Okay, this is weird (via Tris). It turns out that if you peel Scotch tape in a vacuum, the action generates small but significant amounts of X-ray radiation—enough, for example, to make an X-ray image of a finger.
Keep in mind that this only happens in a vacuum, so your everyday uses of Scotch tape—in the air, in other words—pose no danger. But it is pretty bizarre, and something the Soviets apparently figured out more than 50 years ago. Some speculate that the phenomenon could lead to portable, battery-free X-ray machines powered by hand cranks or other muscle power for use in developing countries. Neat.
In the upcoming American election, it's a pretty big deal to have former Secretary of State and general Colin Powell, a Republican, endorse Barack Obama, the Democratic nominee, for president:
Notice how straightforward Powell's answers are. He doesn't dodge or prevaricate. He doesn't try to spin talking points or fire out sound bites, even about the Iraq War. When a reply needs detail, he provides it, and talks for some time, making an argument. When it needs simplicity, he offers it without extra padding. At the end, when a reporter asks if he's still a Republican, what is his answer—in its entirety? "Yes."
Such clarity in political speech is so rare that it is actually shocking. That people must be out of politics before they can really speak their minds this way is shameful. I'm sure many U.S. Democrats will applaud Powell for it, and many Republicans will excoriate him. But I'm glad he is self-secure and well respected enough that, to him, that obviously doesn't matter.
NOTE: This post is a pure podcasting nerd-fest. If that's not your thing, feel free to move on.
I help run two podcasts published using the fine open-source blogging software WordPress. A few months ago, when the latest version of WordPress, 2.6, came out, I immediately upgraded one of the sites, Inside Home Recording (IHR). Whoops. Mistake. The new version broke the key podcasting plugin we use, podPress.
So I held off upgrading the other podcast, Lip Gloss and Laptops, keeping it at WordPress 2.5 to maintain compatibility while waiting for a podPress upgrade. Over at IHR, where it was too late, I instead installed the new Blubrry Powerpress podcasting plugin as a substitute.
UPDATE 21 Oct 2008: For those of you using the Blubrry Powerpress plugin, there is a new update that fixes the problem I talk about below, which Angelo discusses in the comments. His summary: "We've just made a new version (0.4.0) which now displays an image in place of loading quicktime files. We use a simple blubrry play icon as the default play image, but you can provide your own play image by adding a custom define to your wp-config.php that includes the URL where your custom play image is located. This new option is documented at the bottom of the Advanced Tweaks page for the Blubrry Powerpress plugin." Kudos to the Blubrry team.
Now, Powerpress is fine. It does the job, and recognizes most of the detailed settings from podPress, but it doesn't offer as fine-grained control, and has one major problem: for non-MP3 podcasts, such as the Enhanced AAC files we use at IHR, it puts up a little movie player (as does podPress), but in doing so (unlike podPress) it also starts loading the podcast file whenever someone visits the web page. For pages with a lot of podcast episodes on them (like our AAC episode index, or even our home page), that really slows down page load times, wastes bandwidth, and throws off audience statistics.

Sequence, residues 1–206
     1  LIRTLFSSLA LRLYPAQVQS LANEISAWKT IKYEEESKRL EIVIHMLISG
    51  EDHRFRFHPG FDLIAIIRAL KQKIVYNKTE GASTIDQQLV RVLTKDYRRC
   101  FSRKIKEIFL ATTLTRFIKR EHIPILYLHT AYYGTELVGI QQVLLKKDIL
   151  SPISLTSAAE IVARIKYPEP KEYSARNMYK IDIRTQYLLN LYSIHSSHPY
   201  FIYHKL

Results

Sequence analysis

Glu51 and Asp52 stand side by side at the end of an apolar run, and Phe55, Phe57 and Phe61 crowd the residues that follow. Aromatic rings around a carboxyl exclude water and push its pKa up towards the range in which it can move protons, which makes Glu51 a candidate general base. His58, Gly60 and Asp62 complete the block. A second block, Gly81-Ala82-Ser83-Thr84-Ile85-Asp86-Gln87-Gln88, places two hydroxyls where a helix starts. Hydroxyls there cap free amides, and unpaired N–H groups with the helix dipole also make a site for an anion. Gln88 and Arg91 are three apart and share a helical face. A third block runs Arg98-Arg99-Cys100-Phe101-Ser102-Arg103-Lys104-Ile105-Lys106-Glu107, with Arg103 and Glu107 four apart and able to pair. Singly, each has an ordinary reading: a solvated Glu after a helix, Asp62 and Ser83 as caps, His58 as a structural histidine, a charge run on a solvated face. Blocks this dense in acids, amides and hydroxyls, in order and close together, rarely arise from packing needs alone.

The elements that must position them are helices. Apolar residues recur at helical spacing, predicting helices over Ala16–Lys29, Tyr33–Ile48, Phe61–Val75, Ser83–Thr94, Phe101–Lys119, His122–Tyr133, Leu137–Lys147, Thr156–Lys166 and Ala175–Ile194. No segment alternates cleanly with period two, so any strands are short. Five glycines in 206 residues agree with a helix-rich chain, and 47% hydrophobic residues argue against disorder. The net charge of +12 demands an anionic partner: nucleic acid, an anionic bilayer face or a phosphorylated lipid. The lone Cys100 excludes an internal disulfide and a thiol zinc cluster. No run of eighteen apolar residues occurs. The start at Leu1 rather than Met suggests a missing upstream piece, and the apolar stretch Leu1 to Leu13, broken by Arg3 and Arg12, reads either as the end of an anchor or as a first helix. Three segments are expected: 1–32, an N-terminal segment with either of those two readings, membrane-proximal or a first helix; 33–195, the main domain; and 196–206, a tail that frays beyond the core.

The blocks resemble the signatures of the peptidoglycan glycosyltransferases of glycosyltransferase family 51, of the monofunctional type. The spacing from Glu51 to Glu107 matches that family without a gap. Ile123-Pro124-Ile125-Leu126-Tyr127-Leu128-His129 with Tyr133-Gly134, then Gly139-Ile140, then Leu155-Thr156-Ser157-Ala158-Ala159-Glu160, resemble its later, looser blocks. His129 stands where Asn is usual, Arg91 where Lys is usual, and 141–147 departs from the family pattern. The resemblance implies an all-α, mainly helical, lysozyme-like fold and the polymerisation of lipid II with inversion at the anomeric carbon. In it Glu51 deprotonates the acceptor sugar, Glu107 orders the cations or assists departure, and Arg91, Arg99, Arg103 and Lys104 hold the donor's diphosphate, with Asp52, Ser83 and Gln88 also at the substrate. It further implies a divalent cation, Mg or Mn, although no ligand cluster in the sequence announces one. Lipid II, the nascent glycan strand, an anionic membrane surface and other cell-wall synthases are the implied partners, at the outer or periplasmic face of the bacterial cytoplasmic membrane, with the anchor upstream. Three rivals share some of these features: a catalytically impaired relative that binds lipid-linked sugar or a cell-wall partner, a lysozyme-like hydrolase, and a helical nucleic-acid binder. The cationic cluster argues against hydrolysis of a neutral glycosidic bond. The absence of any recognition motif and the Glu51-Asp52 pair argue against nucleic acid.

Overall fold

So I wanted podPress back, but for various reasons the developer has been very busy, had his site forums hacked by spammers, and has otherwise been unable to update his free plugin to work with WordPress 2.6 for several months now. I couldn't wait any longer.
But it turns out the fix is a simple one. The new WordPress feature that seems to be interfering with podPress is post revisions, which track changes to posts. Cool, but I don't use it. The No Revisions plugin turns off that feature, and voila!, podPress works again too.
So I installed No Revisions at both the IHR and Lipgloss sites, deactivated Powerpress at IHR, upgraded to the latest WordPress at Lipgloss (using the great WordPress Automatic Upgrade plugin), and everything seems to be working fine. Page load times have speeded up, simple players are available for all podcast files, and I'm back where I want to be.
If you're a podcaster with similar problems or have been postponing your WordPress upgrade, this solution might work for you too.
Sorry, I'm not keeping very good track of my sources for these:
I'm still doped up on Tylenol 3's and pretty tired post-surgery, so am not up for much thinking or original posts. I'm also contemplating email bankrupcy again, mere months after my last one, as my inbox creeps up to 800 once more. Sigh. Anyway, here's some interesting stuff:
I'm back home now. The surgery to reconnect my intestines into proper working order (almost a year and a half after my initial cancer-induced disconnection surgery) went well, and I am recovering about as fast as could be expected.
To no one's surprise, and I'm tired and sore and plan to do a bunch of sleeping rather than blogging, email, and so forth. Overall, it went very well, and I'm doing my best to avoid having to go back into the hospital with a blockage like a did last time.
Okay, I have to lie down now.
It's been many years since I attended a university convocation ceremony, but I went to one today. My cousin Tarya graduated with a Bachelor's degree from Simon Fraser University, which I can see atop Burnaby Mountain from our front window.